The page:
The present invention comprises an improved intra-aortic balloon catheter system incorporating an improved intra-aortic balloon (IAB) catheter 10, as illustrated in FIG. 2, and an improved insertion sheath 20, as illustrated in FIG. 3. FIG. 2 illustrates a side view of a distal portion of the improved intra-aortic balloon catheter 10 comprising an outer tube 30, a balloon membrane 40 having proximal and distal ends, a tip 50, and an inner tube (not shown) having proximal and distal ends. The distal ends of the balloon membrane 40 and the inner tube are attached to the tip 50. The proximal end of the balloon membrane 40 is attached to the distal end of the outer tube 30. The balloon membrane 40 of the present invention and the balloon membranes of prior art balloons are similar in that they both have a taper on either end of the balloon membrane 40. The balloon membrane 40 of the present invention, however, has a gradual proximal end taper capable of being pulled through the distal end of the insertion sheath 20 in an unfurled state. This feature is important because it facilitates the process of withdrawing an unfurled balloon membrane 40 in the body of a patient through the insertion sheath 20, thus preventing a patient's arterial opening from enlarging upon withdrawal of the IAB catheter 10 along with its unfurled balloon membrane 40. The degree of taper of the proximal end of the balloon membrane 40 will depend on the size, geometry, and structure of the distal end of the insertion sheath 20 through which the unfurled balloon membrane 40 is to be withdrawn.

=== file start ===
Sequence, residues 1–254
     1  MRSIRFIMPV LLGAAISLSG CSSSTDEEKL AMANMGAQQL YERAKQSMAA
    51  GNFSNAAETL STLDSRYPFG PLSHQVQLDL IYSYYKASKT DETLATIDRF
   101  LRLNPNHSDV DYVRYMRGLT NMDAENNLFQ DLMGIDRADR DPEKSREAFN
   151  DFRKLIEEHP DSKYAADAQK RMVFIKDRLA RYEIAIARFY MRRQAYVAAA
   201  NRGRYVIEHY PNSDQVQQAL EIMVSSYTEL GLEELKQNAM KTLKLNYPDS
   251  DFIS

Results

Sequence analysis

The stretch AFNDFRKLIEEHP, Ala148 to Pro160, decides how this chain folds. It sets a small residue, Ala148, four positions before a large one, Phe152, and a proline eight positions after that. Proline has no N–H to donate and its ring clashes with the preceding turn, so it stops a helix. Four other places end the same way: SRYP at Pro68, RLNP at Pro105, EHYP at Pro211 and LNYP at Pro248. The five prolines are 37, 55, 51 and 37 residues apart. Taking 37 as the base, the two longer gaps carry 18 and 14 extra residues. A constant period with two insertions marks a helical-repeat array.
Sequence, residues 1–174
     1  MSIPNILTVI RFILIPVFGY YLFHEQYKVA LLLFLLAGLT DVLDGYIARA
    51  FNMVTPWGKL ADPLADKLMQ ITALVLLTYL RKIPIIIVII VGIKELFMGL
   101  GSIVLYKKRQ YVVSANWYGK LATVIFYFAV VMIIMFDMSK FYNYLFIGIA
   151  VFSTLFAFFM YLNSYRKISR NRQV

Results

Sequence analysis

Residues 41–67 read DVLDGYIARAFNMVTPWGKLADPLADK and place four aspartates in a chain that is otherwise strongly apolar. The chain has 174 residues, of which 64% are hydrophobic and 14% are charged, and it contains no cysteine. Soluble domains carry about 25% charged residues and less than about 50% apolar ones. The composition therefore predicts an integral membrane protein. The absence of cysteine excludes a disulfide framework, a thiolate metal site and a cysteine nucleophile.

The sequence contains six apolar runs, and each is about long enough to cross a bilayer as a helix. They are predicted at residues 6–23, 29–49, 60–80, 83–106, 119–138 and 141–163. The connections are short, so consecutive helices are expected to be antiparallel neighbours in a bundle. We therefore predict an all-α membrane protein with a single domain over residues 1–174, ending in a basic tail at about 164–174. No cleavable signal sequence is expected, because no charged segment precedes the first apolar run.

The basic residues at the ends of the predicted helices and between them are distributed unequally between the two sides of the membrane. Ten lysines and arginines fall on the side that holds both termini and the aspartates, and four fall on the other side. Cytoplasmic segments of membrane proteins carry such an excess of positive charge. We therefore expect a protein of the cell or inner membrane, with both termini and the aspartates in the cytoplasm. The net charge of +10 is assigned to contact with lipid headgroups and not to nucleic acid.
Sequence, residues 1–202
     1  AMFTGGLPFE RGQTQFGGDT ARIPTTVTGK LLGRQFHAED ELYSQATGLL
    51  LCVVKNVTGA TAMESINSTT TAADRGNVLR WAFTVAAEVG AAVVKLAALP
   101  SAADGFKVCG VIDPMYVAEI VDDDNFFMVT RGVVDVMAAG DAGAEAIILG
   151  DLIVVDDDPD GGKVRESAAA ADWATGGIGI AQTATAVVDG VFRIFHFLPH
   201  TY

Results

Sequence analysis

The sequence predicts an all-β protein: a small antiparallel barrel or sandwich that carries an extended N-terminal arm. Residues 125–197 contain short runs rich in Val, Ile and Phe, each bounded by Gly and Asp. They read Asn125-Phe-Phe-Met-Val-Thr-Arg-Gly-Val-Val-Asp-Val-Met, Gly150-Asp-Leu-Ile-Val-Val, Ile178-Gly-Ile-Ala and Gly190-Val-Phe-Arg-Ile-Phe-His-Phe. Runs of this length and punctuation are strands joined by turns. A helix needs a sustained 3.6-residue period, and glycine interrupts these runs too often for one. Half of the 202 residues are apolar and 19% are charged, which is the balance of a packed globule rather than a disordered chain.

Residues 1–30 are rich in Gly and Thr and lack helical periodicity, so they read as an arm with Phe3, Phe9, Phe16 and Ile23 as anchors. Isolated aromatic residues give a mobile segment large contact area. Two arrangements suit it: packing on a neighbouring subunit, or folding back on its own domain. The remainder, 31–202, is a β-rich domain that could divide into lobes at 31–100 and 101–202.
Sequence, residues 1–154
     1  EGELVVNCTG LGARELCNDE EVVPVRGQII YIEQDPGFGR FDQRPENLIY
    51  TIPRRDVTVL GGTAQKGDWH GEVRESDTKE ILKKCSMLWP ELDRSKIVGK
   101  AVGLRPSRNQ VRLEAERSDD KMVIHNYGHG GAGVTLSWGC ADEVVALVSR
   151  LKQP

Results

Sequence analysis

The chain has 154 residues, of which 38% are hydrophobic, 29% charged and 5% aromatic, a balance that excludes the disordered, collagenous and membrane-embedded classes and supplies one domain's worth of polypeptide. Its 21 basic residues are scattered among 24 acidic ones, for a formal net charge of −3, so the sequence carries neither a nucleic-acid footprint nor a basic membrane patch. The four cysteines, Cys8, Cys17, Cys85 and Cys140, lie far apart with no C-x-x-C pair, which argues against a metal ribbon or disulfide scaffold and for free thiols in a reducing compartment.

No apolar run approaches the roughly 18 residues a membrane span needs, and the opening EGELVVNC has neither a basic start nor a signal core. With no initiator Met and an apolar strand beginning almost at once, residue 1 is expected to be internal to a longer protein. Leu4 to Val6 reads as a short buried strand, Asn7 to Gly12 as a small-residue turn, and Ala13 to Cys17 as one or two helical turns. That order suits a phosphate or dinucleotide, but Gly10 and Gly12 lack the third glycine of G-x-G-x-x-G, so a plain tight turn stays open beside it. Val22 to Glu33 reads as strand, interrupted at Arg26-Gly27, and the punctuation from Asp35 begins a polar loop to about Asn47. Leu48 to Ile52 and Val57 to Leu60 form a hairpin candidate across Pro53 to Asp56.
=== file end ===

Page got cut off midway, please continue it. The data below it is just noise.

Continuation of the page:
In the preferred embodiment of the invention, the outer diameter of the wrapped balloon membrane 40 should be less than the outer diameter of the outer tube 30 (see FIG. 2A). This difference in diameter of the wrapped balloon membrane 40 relative to the outer tube 30 allows for greater clearance between the unfurled balloon membrane 40 and the insertion sheath 20 or the arterial opening in a sheathless procedure. Generally, IAB catheters are designed such that the outer diameter of the wrapped balloon membrane 40 is either the same or greater than the outer diameter of the outer tube 30. This design scheme is consistent with the goal of creating an IAB catheter with the smallest effective outer diameter and also consistent with the fact that it is typically easier to design an outer tube 30 of reduced diameter than it is to design an IAB catheter 10 having a reduced diameter wrapped balloon membrane 40. Generally, as soon as technology is available to reduce the outer diameter of the wrapped balloon an IAB catheter is designed having an outer tube with an identical or smaller outer diameter. Thus, use of an outer tube 30 having a larger outer diameter than that of the wrapped balloon membrane 40, given the availability of a smaller outer tube, is typically not considered. However, as demonstrated above use of such an arrangement facilitates retraction of the unfurled balloon membrane 40 upon completion of therapy.
The distal end of the insertion sheath 20 may be made from an expansible material allowing said end to expand and funnel the unfurled balloon membrane 40 into the insertion sheath 20. FIGS. 3, 5, and 6 illustrate three specific embodiments of insertion sheaths.